Cancelling Future Music Festival Asia 2015 bodes well with S’pore’s edgy police state image

Posted on 07 March 2015

Police state image more daring and out there, beats hip and vibrant city look.

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Saying how cancelling the Future Music Festival Asia 2015 despite the event selling out 15,000 of the 20,000 tickets was a strategic move to help Singapore maintain its tough police state image, the Ministry of Home Affairs confirmed on March 6, 2015 that a lot of thought was put into this process to ensure the right message was put across.

One person from the authorities, Jin Tua Kee, said denying Future Music Festival Asia’s appeal for a permit had been debated widely internally: “The government wasn’t sure initially if the event was even big enough to ensure there will be public backlash incited.”

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“But we decided that since it had sold 15,000 tickets, enough people will be inconvenienced and this is a stamp of our authority by denying the festival organiser a permit.”

The spokesperson also said that taking drastic steps to show that the government was still boss is an annual affair, as the authorities will always look for things to ban to showcase their draconian ways to the international community.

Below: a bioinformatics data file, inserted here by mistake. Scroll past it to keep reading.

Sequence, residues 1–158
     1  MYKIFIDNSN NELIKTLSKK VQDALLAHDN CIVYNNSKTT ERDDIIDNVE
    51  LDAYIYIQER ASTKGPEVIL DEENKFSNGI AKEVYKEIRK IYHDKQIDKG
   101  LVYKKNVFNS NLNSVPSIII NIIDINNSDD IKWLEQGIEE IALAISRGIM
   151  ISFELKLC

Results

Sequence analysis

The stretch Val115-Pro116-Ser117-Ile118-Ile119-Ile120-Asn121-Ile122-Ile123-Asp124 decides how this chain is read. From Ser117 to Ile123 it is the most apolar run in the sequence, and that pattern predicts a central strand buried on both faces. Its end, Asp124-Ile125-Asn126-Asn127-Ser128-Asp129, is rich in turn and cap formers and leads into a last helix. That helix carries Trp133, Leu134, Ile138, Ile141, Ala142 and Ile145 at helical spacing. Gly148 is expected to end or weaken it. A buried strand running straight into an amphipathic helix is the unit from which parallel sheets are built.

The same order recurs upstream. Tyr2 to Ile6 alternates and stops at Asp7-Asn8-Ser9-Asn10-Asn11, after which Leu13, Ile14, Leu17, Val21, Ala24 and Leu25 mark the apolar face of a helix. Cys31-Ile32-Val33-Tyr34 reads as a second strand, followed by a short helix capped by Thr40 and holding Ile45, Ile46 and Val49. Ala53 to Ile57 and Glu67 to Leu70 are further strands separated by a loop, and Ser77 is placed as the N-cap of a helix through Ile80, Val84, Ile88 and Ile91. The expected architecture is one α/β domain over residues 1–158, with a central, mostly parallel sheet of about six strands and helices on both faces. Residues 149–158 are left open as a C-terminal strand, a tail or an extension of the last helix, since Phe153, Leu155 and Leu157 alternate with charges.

Jin explained: “In 2014, we had to ban A-Mei’s Rainbow song saying it can spread homosexuality so as to give the government the authoritarian look.”

“Hence, to make sure we can be a constant nanny and police state, we assume that anytime there are large groups of people coming together, there will be drug concerns or homosexual elements.”

The police have also said the authorities always take a calibrated and calculated approach to denial of permits to be more measured in their response.

Zhuo Jin Char, a policeman, said: “Our efforts at clamping down events is two-pronged: One is to showcase to the international community we are a police state by preventing big international acts from performing. The other approach is to take down smaller, local events.”

At press time, the authorities have confirmed they will be monitoring all public events in Singapore including Chingay, 7th month concerts and grassroots events, and will selectively prevent some from happening.

 

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Wang Pei can be considered a new citizen of Singapore. She has been here all her life, just that her environment's changed beyond recognition.

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  • Kevinlim15

    “I don’t enjoy it so obviously no one else should too”